Meetings and Negotiations: Meeting schedules are not highly structured in Taiwan. There may be an agenda, but it serves as a guideline for the discussion and may act as a springboard to other related business ideas, or even to non-business discussions. Time is not considered more important than completing a meeting satisfactorily, therefore meetings will continue until the discussion is completed and may extend well past a scheduled end time.
Taiwanese tend to be indirect in their communication and are as concerned with the effect of their words on others as they are with the content of their communication. They take great care to avoid communicating anything directly that would hurt or offend a colleague as it would cause a loss of face.
A watched frog never boils, The Economist print edition
American Institute in Taiwan: Due to US-China relations, the United States cannot "officially" recognize Taiwan (as China still claims Taiwan as part of the PRC). Therefore, the U.S. maintains unofficial relations with the people in Taiwan through the American Institute in Taiwan (AIT), a private nonprofit corporation, which performs citizen and consular services similar to those at diplomatic posts.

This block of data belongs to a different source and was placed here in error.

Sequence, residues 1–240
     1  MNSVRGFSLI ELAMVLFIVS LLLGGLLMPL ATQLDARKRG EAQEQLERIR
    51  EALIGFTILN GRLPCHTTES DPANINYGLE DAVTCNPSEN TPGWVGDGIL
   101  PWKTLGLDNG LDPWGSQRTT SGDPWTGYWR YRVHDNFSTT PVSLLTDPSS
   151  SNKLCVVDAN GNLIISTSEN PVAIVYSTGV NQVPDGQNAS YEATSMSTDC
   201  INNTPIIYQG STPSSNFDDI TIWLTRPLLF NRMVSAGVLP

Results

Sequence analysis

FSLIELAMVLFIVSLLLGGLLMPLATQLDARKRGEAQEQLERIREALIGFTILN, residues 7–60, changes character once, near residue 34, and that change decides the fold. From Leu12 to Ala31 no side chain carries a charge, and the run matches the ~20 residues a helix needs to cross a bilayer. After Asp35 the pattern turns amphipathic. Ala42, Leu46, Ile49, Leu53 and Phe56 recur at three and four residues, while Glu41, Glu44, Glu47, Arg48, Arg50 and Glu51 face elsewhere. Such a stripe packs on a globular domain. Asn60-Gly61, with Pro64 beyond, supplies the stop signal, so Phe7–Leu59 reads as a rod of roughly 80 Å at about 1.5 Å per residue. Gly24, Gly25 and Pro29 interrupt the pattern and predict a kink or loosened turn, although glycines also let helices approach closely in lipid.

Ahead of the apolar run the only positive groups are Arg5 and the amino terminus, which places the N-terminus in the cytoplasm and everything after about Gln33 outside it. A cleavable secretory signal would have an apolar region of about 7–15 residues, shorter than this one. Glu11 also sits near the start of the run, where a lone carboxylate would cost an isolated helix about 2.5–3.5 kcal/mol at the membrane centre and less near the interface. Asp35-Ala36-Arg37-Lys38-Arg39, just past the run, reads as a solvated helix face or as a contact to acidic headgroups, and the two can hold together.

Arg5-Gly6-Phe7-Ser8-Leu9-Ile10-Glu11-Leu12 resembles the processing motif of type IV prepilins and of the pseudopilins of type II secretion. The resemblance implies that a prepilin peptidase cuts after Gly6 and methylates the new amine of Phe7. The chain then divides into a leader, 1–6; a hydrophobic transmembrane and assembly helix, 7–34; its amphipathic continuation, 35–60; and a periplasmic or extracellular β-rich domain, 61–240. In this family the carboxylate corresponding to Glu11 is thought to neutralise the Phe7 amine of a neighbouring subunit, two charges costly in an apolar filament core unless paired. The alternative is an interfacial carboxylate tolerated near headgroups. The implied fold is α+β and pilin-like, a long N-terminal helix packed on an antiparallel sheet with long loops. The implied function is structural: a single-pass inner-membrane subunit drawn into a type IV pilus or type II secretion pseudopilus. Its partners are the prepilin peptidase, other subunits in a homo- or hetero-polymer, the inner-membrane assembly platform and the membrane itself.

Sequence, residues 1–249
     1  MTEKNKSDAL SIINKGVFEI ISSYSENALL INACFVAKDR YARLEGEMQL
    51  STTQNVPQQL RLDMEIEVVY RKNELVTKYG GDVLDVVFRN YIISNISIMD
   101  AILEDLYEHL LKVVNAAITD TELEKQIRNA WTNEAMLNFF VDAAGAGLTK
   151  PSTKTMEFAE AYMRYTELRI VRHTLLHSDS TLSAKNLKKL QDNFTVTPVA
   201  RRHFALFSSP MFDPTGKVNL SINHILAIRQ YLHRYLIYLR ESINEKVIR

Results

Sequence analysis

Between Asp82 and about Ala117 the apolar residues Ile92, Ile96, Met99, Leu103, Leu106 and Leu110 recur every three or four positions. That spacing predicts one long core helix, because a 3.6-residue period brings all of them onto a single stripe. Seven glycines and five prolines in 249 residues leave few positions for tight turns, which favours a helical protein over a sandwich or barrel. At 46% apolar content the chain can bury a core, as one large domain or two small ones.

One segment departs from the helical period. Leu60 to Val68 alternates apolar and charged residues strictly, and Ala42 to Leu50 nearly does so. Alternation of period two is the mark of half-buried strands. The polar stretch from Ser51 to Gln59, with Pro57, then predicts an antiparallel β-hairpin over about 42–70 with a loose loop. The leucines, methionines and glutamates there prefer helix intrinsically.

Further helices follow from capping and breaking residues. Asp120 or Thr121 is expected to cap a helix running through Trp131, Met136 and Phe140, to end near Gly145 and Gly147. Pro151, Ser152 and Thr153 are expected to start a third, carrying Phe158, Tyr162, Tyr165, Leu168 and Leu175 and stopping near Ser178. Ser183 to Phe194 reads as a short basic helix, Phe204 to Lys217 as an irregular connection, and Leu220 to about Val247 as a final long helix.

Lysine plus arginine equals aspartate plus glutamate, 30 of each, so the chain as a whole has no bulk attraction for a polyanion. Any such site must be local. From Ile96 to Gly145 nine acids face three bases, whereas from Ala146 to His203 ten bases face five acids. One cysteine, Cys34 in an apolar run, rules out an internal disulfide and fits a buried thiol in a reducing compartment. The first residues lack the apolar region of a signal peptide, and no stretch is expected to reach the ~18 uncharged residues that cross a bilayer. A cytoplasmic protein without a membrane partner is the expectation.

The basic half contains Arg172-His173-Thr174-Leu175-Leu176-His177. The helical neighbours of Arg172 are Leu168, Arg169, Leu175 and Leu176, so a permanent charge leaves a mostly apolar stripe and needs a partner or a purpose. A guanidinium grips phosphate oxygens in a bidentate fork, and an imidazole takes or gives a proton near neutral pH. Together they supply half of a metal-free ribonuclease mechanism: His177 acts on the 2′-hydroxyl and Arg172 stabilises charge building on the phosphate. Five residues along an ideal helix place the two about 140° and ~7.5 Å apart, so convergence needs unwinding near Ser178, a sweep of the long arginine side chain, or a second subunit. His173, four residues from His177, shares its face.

Doing Business in Taiwan, Ministry of Foreign Affairs, Republic of China (TAIWAN)
Invest in Taiwan, Department of Investment Services
Taiwan, U.S. Commercial Service
Taiwanese-American Chamber of Commerce of Greater Los Angeles
This information is provided by ABC-Amega Inc. Providing international receivable management and debt collection services for exporters to more than 200 countries including Taiwan. For further information, contact [email protected].
This report represents a compilation of information from a wide variety of reputable sources.
Economic Indicators: Variety of sources including the CIA World Factbook, Coface Country Rating, Economist Country Briefings, Federation of International Trade Associations (FITA) Country Profiles.
Information on credit terms and the probability of prompt payment are provided, with permission, from Overseas Press and Consultants (OP&C) as published in IOMA's Report in "Managing Credit, Receivables & Collections.".
Historical Exchange Rates: OANDA.com The Currency Site.